Tough Mudder races draw thousands of participants for events that combine stamina and endurance. For the participants, challenges include live electricity, ice water and, of course, lots of mud. For the organizers, the challenge lies in keeping the perimeter secure.
“These events are largely in rural environments, often an hour or two hours outside a major metropolitan area…typically on a piece of property that is not designed for hosting events – a farm, a dirt bike track, a gravel mine,” shares CEO Kyle McLaughlin. The myriad risks include “everything from nonpaying customers to securing for theft, securing for trespass, or even securing from wild animals — deer and cattle to bears and coyotes.”
McLaughlin isn’t alone. Perimeter security is a major concern for security-focused professionals across a range of industries. The perimeter is the literal first line of defense for everything from temporary events like the Tough Mudder — think races, concerts, parades — to more permanent, security-sensitive installations such as power plants and government buildings.
The whole world got a wake-up call about the significance of perimeter defense on Jan. 6, 2021 when pro-Trump rioters breached a police line and stormed the U.S. Capitol building in Washington, D.C. In the instant when that line between inside and outside dissolved, the vital importance of a strong perimeter became clear.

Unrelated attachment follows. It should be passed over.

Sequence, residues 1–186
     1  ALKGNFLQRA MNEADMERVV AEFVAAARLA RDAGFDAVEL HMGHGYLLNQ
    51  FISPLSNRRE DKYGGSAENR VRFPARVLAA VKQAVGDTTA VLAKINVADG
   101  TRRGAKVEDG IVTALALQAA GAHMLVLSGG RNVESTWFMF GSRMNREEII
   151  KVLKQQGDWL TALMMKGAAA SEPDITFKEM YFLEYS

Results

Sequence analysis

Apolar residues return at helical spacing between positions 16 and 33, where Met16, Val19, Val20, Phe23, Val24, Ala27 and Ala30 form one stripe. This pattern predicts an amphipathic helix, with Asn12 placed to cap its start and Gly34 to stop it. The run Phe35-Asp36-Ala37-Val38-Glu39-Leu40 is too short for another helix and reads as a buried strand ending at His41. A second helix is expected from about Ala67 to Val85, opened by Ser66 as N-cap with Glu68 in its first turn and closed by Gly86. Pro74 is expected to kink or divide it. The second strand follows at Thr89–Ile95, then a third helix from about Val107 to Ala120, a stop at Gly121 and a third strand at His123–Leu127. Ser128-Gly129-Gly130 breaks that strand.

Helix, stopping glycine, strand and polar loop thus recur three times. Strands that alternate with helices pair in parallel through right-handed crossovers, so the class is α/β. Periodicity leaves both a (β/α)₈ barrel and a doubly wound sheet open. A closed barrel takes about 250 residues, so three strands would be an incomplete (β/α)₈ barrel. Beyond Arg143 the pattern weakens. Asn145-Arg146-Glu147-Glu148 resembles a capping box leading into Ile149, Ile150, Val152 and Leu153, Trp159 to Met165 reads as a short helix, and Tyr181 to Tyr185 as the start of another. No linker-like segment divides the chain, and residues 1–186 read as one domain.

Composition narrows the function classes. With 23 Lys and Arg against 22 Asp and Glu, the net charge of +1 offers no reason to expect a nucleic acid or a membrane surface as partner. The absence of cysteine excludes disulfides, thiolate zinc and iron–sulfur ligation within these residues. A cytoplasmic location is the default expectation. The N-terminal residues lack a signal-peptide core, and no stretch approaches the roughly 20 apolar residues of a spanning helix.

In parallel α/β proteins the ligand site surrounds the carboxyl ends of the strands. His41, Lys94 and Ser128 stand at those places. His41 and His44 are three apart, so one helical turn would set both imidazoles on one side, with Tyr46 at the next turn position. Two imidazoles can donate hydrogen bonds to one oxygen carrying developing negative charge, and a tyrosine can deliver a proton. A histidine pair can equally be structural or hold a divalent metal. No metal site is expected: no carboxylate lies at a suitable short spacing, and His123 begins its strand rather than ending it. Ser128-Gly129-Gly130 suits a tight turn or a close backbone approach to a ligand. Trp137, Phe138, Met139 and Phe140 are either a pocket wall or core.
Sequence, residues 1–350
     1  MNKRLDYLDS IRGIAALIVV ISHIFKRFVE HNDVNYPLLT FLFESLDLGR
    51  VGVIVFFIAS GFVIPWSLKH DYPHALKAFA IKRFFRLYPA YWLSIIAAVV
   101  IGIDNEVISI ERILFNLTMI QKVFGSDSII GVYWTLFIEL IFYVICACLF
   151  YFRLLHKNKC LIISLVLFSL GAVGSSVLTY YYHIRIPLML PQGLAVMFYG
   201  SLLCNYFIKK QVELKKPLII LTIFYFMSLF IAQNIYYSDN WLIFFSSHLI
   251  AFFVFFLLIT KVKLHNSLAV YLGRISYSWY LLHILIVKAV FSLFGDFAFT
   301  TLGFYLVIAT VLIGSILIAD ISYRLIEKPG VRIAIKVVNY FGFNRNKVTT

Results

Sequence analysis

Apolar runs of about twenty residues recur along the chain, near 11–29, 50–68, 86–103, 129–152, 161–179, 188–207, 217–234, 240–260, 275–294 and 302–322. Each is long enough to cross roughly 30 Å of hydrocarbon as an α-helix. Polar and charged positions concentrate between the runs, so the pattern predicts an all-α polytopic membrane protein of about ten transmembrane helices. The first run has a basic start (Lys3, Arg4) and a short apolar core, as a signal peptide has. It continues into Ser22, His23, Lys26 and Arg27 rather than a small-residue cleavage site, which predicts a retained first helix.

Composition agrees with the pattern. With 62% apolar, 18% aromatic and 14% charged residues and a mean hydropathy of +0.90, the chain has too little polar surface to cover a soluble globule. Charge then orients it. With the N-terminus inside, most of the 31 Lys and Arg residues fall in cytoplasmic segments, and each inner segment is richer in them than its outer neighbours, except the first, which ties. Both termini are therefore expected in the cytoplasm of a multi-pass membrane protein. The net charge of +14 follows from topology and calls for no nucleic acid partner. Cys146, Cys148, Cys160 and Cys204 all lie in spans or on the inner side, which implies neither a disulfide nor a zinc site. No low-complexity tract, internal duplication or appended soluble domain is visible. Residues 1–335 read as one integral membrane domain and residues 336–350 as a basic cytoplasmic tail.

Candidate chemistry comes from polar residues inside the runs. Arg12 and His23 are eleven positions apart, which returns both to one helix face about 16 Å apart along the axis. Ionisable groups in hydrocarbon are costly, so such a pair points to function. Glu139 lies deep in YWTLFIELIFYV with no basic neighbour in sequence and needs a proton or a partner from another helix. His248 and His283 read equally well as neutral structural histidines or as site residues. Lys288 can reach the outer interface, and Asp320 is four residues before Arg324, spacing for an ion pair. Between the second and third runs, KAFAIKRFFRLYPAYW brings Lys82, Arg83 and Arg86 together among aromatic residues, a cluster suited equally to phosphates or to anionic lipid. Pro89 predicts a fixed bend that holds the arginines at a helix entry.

So, how can security leaders be sure to shore up that outermost barrier at their organizations? Experts say it takes strong upfront planning and swift real-time reactions, all supported by the smart use of technology.
Planning is Key
A perimeter is by nature difficult to defend. Few security teams have the resources to be everywhere at once, yet the nature of the perimeter is that it covers the widest possible geography. In order to effectively deploy resources at the outermost reaches, facility operators and security professionals need to strategize up front.
“Planning is probably the most important step in perimeter security. You have to understand who you are dealing with, what is their intention, what your intelligence tells you about what they have done in the past, or what they are trying to do,” says Timothy Dimoff, President of SACS Consulting & Investigative Services.
“Your level of defense will vary based on what you are trying to secure,” says Bill Schieder, Head of Global Physical Security at Flexport, a San Francisco-based digital freight forwarder and logistics company. “For example, the type of perimeter, location, crime rate, and many other external and internal factors must be taken into consideration.